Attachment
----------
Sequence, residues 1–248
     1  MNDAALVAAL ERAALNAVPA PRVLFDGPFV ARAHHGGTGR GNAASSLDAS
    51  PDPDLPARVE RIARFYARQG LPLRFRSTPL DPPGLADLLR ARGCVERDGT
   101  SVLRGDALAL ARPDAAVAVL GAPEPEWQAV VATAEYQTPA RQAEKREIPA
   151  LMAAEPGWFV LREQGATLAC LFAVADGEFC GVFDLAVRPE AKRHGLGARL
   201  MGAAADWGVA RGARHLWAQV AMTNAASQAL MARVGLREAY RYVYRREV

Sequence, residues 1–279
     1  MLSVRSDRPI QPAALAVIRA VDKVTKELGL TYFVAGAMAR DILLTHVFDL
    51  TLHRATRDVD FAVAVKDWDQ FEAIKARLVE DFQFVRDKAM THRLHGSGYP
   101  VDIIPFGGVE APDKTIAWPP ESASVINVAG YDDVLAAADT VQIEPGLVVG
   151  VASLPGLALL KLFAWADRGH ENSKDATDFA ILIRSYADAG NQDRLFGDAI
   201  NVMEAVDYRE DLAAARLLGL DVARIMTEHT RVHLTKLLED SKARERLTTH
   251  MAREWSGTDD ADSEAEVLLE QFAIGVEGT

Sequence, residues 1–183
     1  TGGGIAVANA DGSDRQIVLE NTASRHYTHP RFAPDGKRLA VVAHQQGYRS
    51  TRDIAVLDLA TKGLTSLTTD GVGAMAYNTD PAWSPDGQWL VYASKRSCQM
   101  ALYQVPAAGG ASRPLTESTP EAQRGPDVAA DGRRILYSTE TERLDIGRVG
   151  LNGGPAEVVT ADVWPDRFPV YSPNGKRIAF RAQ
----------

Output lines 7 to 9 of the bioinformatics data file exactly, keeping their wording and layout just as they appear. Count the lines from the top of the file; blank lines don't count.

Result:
Sequence, residues 1–279
     1  MLSVRSDRPI QPAALAVIRA VDKVTKELGL TYFVAGAMAR DILLTHVFDL
    51  TLHRATRDVD FAVAVKDWDQ FEAIKARLVE DFQFVRDKAM THRLHGSGYP